Researchers have been able to show, in the lab, the epigenetic effects of toxic stress in childhood on all 23 chromosomes. The scientific philosopher Thomas Kuhn says it takes 20 years to rewrite our medical paradigm. We’ve known about ACE research longer than that already, and we’ve barely scratched the surface of change. So I had to lend my shoulder to the wheel.

It also resonated for me on a personal level. If you experience something very stressful, your body becomes much older than you are in years, because ACEs lead to epigenetic changes, including changes in how your DNA ages. All this just made complete sense to me, because when I was 12 years old, my father — a writer, a publisher, a man who taught me how to sail, how to laugh and how to read Shakespeare — went into the hospital for a very routine surgery and never came out. When he died, my childhood ended. It was as if someone had taken all the color out of the world. I do not remember a good day in my childhood after that and it was nobody’s fault.

But it made sense to me that my experience had changed me in every system and cell of my body. My body was set on high stress response when I was 12, and my body marinated in stress chemicals for a long time. So it was no wonder that as an adult, I’ve come down with, and been paralyzed twice, by the autoimmune disease Guillain-Barré Syndrome, I have a pacemaker, bone marrow issues, and lots of other immune system problems that put me in and out of hospitals for more than a decade.

When I saw the research that showed that for every additional ACE score a woman had, the likelihood that she would be hospitalized with an autoimmune disease as an adult increased by 20 percent, I decided that I had to devote myself to helping people to better understand this research.

Jane: How long did it take you to write the book?

Donna: It took two years. I interviewed 40 scientists, and followed more than a dozen individuals for a year to get their full breadth of suffering and healing. I interviewed about 25 people to choose 13 to follow.

It was very important to me that their stories reflect everyday stressors that people haven’t considered to be traumatic — common and insidious toxic stressors such as constant humiliation from an emotionally abusive parent, growing up with a depressed parent, or an alcoholic parent. All these childhood stressors damage people’s long-term health just as much as those who experienced situations that have long been thought of to be damaging, such as sexual or physical abuse. These children living with the common situations that haven’t normally been considered a threat to health have never had a voice, and yet they experience the same likelihood of developing chronic disease as an adult as do those who live with experiences commonly regarded as abusive.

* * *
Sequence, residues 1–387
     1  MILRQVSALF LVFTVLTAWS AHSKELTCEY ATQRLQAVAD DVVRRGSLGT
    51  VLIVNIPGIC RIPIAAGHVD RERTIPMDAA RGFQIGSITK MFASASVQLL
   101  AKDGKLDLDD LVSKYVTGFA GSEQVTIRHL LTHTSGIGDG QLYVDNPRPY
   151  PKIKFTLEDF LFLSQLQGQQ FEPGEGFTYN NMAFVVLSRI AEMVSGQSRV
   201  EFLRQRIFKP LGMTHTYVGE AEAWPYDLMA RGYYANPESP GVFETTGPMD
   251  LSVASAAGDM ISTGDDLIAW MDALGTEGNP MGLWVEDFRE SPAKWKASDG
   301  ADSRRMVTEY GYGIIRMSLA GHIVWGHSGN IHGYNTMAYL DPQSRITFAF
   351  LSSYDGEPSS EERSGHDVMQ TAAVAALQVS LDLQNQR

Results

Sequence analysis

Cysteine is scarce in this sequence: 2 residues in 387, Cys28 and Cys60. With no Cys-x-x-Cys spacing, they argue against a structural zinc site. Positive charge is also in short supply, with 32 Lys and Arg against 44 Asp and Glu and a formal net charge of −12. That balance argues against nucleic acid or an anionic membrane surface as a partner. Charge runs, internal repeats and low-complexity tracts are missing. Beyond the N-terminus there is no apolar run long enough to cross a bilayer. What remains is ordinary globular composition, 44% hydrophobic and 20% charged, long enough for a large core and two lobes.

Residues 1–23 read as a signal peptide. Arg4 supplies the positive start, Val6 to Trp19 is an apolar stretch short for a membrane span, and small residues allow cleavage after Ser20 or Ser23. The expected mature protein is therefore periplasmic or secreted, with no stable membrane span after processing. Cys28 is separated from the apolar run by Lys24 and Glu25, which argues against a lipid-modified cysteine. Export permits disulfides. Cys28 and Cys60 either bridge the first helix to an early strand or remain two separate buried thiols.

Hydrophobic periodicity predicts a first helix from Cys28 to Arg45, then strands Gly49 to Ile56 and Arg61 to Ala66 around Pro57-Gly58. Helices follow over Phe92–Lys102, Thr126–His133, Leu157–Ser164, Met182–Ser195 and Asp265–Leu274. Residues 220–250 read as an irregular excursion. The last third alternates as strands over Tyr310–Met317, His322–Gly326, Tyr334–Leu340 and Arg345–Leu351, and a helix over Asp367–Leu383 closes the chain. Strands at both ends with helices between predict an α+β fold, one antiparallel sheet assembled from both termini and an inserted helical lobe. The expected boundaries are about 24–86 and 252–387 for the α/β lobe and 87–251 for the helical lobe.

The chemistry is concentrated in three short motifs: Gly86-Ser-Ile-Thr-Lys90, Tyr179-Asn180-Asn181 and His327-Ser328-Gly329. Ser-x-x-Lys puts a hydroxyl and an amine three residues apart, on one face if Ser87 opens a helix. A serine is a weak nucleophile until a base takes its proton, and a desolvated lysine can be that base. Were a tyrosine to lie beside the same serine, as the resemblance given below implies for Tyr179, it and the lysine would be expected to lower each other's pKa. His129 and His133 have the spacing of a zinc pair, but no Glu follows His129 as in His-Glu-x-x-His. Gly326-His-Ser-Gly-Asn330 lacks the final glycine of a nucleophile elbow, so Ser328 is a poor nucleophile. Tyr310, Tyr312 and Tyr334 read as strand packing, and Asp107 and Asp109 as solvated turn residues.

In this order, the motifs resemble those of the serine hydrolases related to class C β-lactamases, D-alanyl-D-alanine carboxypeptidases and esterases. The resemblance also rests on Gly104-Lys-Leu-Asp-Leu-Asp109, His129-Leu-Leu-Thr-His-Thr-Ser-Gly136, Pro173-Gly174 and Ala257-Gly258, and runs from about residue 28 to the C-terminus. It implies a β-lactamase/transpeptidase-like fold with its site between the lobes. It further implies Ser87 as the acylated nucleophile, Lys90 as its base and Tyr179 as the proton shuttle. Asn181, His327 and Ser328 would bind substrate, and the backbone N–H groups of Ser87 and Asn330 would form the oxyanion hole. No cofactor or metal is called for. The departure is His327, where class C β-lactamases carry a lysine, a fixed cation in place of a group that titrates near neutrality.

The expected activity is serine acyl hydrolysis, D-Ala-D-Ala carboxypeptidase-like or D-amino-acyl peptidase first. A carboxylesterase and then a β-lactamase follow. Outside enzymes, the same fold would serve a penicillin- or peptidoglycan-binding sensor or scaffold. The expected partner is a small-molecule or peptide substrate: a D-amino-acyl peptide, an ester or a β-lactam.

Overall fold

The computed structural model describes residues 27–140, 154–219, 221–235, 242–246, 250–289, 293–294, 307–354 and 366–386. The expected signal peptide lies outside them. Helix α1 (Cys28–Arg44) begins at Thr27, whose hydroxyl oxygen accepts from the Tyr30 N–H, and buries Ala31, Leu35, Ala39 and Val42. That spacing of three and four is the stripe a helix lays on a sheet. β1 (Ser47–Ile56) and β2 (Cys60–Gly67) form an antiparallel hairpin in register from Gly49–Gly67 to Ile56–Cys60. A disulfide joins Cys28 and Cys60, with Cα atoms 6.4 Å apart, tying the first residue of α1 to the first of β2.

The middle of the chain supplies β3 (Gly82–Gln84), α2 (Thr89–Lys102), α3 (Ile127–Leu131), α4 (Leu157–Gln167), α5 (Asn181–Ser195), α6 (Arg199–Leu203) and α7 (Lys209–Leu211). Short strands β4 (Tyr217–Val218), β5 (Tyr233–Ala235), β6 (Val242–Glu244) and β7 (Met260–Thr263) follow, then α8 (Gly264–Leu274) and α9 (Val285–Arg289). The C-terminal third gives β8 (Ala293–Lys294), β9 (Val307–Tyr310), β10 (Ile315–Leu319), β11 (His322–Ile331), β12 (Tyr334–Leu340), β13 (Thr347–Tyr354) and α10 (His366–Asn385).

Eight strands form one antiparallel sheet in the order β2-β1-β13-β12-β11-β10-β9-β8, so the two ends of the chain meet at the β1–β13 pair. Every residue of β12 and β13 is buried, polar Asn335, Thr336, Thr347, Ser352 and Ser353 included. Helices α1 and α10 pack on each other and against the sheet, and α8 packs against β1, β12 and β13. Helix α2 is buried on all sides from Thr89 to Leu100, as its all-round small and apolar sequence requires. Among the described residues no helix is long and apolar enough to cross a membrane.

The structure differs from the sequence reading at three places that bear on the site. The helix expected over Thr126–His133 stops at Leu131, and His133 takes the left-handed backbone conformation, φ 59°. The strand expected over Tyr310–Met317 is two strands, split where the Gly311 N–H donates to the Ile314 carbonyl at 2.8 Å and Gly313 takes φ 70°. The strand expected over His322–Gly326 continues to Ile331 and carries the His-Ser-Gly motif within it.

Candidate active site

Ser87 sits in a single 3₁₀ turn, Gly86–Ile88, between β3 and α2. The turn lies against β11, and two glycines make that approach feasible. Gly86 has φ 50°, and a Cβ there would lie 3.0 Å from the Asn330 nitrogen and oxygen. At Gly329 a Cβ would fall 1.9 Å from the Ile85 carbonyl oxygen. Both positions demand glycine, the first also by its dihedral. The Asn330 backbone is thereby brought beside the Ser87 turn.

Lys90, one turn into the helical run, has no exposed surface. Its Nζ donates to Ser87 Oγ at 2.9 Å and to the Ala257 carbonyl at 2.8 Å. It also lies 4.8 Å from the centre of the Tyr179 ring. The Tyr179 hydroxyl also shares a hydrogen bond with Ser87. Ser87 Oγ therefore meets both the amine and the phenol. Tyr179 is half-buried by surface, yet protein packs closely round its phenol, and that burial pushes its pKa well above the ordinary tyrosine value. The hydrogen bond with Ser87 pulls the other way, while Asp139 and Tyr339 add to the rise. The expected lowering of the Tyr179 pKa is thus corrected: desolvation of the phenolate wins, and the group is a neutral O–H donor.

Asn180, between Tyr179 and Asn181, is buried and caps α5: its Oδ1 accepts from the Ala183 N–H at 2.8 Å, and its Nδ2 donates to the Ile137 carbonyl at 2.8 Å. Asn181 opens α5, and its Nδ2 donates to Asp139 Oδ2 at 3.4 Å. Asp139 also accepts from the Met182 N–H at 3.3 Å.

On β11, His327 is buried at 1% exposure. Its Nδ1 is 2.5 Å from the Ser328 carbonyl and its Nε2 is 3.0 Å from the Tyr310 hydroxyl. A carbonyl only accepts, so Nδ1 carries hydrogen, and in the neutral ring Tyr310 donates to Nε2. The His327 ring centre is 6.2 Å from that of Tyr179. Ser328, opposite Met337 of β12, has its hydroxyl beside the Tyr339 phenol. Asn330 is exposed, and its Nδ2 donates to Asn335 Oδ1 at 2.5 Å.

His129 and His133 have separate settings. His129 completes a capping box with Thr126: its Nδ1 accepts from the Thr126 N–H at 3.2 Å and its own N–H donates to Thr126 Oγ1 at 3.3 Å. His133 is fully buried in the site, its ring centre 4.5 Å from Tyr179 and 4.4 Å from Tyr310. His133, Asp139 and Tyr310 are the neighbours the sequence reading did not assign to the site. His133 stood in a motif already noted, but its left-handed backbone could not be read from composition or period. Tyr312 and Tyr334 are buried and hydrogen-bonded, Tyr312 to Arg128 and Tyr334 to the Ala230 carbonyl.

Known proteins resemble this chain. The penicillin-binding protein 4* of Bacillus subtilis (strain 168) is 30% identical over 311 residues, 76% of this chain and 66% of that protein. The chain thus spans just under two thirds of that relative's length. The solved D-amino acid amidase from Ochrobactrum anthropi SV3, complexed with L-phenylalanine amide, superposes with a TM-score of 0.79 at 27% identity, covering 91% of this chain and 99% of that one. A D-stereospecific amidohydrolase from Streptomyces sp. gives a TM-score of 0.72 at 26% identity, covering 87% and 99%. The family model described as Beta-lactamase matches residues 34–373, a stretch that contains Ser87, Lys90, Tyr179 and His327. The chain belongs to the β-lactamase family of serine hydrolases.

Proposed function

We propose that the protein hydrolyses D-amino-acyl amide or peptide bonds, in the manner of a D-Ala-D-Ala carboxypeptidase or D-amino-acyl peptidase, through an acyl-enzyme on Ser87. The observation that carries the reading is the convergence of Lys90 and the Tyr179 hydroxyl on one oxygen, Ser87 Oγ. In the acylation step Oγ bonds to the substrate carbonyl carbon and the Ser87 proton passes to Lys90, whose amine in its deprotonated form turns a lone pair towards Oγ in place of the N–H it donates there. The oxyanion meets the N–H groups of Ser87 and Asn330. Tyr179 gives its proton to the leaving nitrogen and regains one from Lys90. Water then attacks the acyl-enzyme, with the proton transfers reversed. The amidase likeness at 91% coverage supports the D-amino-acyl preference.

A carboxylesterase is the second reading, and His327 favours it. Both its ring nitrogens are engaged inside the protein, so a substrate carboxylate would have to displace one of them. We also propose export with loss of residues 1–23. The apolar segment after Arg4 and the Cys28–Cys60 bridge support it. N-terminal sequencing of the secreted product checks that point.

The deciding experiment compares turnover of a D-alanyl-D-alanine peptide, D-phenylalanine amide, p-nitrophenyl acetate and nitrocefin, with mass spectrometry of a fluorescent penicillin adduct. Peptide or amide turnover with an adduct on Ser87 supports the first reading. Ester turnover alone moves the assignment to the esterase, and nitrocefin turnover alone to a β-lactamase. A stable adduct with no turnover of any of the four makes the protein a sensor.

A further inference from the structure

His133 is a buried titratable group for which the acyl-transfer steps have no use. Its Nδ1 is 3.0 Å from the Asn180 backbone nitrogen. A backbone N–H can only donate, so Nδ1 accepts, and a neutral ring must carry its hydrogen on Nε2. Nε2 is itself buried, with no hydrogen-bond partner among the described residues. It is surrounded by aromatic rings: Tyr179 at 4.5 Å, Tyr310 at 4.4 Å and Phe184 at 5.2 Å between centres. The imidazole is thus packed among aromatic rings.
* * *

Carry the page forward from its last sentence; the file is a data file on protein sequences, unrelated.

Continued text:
I also wanted to be really sure that these were people who had found pathways toward healing that were unique to them — pathways that made it possible for them to experience who it is they felt they really were, so that they could in their adult life not have the trauma they experienced as a child direct their relationships, how they react at work, or how they raise their kids. I wanted to know what was helping people.

Journalists aren’t here just to describe the problem. Ultimately we’re here to end the cycle of suffering. I found people who were able to say: “I found this which is helping me. I no longer feel that the past controls me, I feel I’m becoming who I was meant to be. “

Jane: How did you find them?

Donna: In the years after the publication of my last few books, The Autoimmune Epidemic, and The Last Best Cure, a community of a few thousand individuals began to follow my work. I knew that a history of ACEs was so true for many of them. I sent out emails to about 100 people asking if they knew anyone who fit these criteria. I ended up with far more people I could fit into the book. Some of them I had begun corresponding with after the autoimmune book was published, and they came to mind immediately when I read the ACE research.

Jane: What impact do you want the book to have?

Donna: One of things that I hope the book does is to steer people toward hope, and also toward action — to take and use the ACE survey and resilience surveys, and to take this information to their doctors, their mental health care providers, and share it with their families, if they feel it’s safe to do so.